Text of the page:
My father was a quiet man. Not one to broadcast what he liked, or what he wanted. Not one to argue about what’s good or bad, beautiful or ugly. Not one to act out his feelings. He looked for the beauty, and silently hoped that those he loved, and who loved him, would find it too.
It came to my mind today: a time when I was a young woman and was riding in his car with him. It was a mountain road, late in the day. We rounded a corner and there before us was the almost-setting sun. At the next chance he pulled over, without saying anything, and we watched while the sun went down and the blood-strong colors sprayed the sky, and then puddled at the horizon. It was so beautiful, I had a lump in my throat, and I know he did too. Once the colors faded, he started the car and pulled back onto the road.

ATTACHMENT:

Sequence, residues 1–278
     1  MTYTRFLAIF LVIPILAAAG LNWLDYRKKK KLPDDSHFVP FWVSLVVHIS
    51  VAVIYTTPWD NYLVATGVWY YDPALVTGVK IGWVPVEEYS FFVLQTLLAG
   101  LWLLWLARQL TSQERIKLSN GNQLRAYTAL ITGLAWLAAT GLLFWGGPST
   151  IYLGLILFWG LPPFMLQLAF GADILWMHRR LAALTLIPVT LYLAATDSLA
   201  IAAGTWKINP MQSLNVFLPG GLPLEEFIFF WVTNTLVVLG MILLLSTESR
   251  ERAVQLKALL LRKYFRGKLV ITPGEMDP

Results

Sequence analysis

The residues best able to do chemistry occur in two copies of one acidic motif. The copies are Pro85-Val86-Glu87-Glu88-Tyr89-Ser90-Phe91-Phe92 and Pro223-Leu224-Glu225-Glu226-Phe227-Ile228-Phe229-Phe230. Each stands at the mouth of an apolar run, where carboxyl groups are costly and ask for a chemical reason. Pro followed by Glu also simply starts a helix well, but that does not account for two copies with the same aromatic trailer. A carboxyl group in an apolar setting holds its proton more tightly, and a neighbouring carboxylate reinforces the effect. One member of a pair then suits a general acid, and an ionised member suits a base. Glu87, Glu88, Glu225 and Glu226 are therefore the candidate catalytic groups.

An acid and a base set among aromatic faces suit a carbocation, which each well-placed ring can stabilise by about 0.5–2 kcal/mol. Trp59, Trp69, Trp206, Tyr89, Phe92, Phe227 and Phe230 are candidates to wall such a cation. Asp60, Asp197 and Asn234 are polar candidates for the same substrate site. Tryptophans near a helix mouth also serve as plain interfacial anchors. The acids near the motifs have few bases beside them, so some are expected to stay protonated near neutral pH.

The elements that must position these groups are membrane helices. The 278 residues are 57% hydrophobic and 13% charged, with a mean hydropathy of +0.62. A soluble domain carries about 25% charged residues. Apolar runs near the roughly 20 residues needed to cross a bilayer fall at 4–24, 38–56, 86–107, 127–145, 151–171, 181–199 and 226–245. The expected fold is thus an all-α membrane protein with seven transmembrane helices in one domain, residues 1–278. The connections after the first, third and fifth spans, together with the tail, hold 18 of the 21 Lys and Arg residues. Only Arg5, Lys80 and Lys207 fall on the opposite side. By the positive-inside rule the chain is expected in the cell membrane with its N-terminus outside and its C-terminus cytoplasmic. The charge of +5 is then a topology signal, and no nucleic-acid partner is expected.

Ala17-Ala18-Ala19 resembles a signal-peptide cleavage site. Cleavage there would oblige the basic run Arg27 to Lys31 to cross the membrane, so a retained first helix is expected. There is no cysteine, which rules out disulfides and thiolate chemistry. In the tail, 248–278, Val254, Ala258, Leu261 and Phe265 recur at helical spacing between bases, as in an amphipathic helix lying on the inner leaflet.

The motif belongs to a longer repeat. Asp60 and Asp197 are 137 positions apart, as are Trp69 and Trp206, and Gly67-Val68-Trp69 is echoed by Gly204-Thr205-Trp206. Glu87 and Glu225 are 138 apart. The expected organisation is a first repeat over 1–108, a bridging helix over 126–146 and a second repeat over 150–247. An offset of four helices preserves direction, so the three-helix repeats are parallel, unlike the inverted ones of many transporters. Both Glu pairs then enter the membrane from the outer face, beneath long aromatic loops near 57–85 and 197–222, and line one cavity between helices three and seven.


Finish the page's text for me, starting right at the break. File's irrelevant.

He never said a word, and neither did I. We simply listened to the sunset.
Verne died in 2007, at 83. He would have been 92 on October 4 this year. Michael and I planted his ashes under a persimmon tree in our yard a couple of years ago, and it’s bearing fruit this fall. Fruit the color of sunset. And I remember the sound of that setting sun, with a quiet man.
© Elizabeth Ojala, Sept. 29, 2015